CHAT WITH PETER BRÖTZMANN
JUNG: Your association with the late Peter Kowald has been well documented.
PETER BRÖTZMANN: Yeah, it is always hard to talk about dead people.
Kowald, I met him when he was still going to school and he was about seventeen
years old. I was three years older, I think, and started to study here
in Wuppertal. At that time, he was playing tuba and I convinced him to
change to double bass. So we worked the first ten years. We worked together
and he was learning very fast and very good because at that time, nobody
wanted to listen to what we had in mind. Everybody was laughing about
it. So he was a very good partner and a very good comrade to have. I think
that was, for both us, the most important time and how he developed his
music in the later years, everybody knows, that he was one of the most
important, whatever that means. But I think he was able to give back all
he had learned in all those decades, he was able to give that, to hand
that knowledge over to younger musicians. That was one of his very good
FJ: The infamy referencing European free jazz is the insignificance of
PETER BRÖTZMANN: American musicians, from the very beginning, were
very important for me. At the time I started to develop my own style,
for example, guys like Steve Lacy, who was touring a lot in Germany around
those years, or Don Cherry, he was passing by from the south of Sweden,
where he was living with his wife and family at the time, to all the German
radio stations. He was passing by my place and stayed a couple of nights.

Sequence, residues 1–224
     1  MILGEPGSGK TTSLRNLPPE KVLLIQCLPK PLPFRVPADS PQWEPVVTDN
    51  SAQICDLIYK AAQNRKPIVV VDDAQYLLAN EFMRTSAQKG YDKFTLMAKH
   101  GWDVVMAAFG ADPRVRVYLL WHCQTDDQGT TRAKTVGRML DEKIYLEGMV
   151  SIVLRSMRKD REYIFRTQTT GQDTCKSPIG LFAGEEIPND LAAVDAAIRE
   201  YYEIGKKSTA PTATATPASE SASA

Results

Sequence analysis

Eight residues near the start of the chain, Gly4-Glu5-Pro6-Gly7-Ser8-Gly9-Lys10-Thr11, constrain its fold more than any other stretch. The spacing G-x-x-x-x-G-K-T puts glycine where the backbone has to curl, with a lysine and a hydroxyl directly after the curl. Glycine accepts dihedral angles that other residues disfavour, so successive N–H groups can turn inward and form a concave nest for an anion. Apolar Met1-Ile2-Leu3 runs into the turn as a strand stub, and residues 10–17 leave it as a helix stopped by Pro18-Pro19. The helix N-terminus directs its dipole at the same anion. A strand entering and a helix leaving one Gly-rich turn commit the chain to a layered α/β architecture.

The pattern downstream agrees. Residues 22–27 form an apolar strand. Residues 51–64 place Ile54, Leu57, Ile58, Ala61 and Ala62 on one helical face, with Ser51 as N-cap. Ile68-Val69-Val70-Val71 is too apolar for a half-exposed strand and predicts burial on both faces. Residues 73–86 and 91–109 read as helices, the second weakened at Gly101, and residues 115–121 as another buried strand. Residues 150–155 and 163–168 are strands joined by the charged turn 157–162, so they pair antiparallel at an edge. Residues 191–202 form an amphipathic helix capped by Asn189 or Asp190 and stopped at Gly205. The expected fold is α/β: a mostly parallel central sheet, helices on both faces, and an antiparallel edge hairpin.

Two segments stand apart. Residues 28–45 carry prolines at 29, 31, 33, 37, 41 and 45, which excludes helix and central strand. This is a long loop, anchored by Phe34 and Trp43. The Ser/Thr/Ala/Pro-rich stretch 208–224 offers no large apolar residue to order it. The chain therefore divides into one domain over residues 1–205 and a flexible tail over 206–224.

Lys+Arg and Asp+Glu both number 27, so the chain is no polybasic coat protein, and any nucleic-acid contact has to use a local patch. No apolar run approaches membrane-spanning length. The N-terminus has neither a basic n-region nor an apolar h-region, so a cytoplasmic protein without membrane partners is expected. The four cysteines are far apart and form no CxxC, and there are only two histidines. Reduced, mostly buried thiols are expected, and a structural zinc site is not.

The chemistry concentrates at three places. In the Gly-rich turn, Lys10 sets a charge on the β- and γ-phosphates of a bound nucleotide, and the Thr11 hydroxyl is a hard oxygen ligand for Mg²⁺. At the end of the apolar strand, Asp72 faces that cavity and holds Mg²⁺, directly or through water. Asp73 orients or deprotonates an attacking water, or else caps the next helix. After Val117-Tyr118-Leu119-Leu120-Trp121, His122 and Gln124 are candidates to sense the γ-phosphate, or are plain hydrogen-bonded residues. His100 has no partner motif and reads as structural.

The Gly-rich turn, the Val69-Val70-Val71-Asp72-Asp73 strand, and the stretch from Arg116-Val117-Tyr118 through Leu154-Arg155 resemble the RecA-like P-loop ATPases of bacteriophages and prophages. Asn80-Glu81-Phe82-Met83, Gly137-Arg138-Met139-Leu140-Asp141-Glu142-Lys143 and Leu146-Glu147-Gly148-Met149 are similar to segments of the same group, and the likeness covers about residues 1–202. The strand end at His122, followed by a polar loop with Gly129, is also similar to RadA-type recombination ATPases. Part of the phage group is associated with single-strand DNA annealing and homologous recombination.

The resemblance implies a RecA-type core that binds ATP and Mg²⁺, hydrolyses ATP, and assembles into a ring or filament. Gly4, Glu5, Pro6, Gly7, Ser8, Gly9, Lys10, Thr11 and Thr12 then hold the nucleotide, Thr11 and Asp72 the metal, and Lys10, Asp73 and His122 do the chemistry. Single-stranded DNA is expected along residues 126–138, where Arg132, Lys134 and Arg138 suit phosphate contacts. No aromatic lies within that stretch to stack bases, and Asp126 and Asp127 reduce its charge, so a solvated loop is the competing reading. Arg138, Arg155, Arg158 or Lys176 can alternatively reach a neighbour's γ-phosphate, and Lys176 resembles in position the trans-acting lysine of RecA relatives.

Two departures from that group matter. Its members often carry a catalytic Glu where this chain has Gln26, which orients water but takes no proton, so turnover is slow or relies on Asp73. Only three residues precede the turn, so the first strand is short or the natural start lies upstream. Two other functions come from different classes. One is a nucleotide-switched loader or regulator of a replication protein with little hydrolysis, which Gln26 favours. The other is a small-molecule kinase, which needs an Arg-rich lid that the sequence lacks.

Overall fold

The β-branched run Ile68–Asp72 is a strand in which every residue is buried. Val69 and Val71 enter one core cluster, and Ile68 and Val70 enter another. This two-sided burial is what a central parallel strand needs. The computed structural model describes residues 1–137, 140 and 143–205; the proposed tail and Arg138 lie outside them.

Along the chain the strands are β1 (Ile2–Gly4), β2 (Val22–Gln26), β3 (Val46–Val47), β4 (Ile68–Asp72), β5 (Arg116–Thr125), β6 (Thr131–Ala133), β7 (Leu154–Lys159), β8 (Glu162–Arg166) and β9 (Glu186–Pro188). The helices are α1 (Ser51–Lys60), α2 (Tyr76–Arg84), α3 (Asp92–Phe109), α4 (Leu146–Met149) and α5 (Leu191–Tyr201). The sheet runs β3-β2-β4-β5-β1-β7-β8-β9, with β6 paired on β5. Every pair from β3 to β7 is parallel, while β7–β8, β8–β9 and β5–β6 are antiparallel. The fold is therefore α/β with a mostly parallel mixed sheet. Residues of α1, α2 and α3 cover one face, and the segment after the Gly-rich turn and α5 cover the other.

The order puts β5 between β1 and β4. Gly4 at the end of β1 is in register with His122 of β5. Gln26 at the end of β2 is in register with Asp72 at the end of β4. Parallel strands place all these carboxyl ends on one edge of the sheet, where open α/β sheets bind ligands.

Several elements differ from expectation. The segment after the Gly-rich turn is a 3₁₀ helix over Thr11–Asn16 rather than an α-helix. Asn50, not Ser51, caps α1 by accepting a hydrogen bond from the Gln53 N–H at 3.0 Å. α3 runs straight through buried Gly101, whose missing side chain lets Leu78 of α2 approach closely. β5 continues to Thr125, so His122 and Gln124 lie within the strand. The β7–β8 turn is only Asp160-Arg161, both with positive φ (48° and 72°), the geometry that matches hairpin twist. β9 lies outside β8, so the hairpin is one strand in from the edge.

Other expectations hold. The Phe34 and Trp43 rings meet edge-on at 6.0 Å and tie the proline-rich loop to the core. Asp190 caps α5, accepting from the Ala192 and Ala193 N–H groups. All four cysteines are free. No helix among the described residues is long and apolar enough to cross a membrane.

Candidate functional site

Especially the two guys I mentioned besides Carla Bley, they were very
important people for me and my connections to all the American guys started
very early, in the middle of the Sixties. I met Andrew Cyrille, with whom
I worked with in the later years quite often. I met him when he was a
very young man working with Cecil in Paris. Jimmy Lyons was in the band
and Alan Silva. So my connections to the Americans were always very strong,
but of course, living here in Europe, you have to look around and try
to find guys who you like and I was happy and lucky about my connections
with the Dutch, Belgium - Han Bennink especially and Fred Van Hove, Willem
Breuker too, and Misha Mengelberg. Kowald, to come back to him, he was
more responsible for the English section. When I went to Holland, he went
to England to the guys from the Little Theater Club, John Stevens, young
Evan, and Rutherford. At that time, we had the chance because the German
radio stations, at that time, were very open to new music. They had a
little budget and so we were able to invite all our friends from Holland,
from England, from Scandinavia, down to Germany. It was very, very good
and a very important exchange of ideas that we all had the chance to work
together. It is really a shame that it is not happening nowadays anymore.
Fred Jung is the Editor-In-Chief and is Wang Chunging tonight. Comments?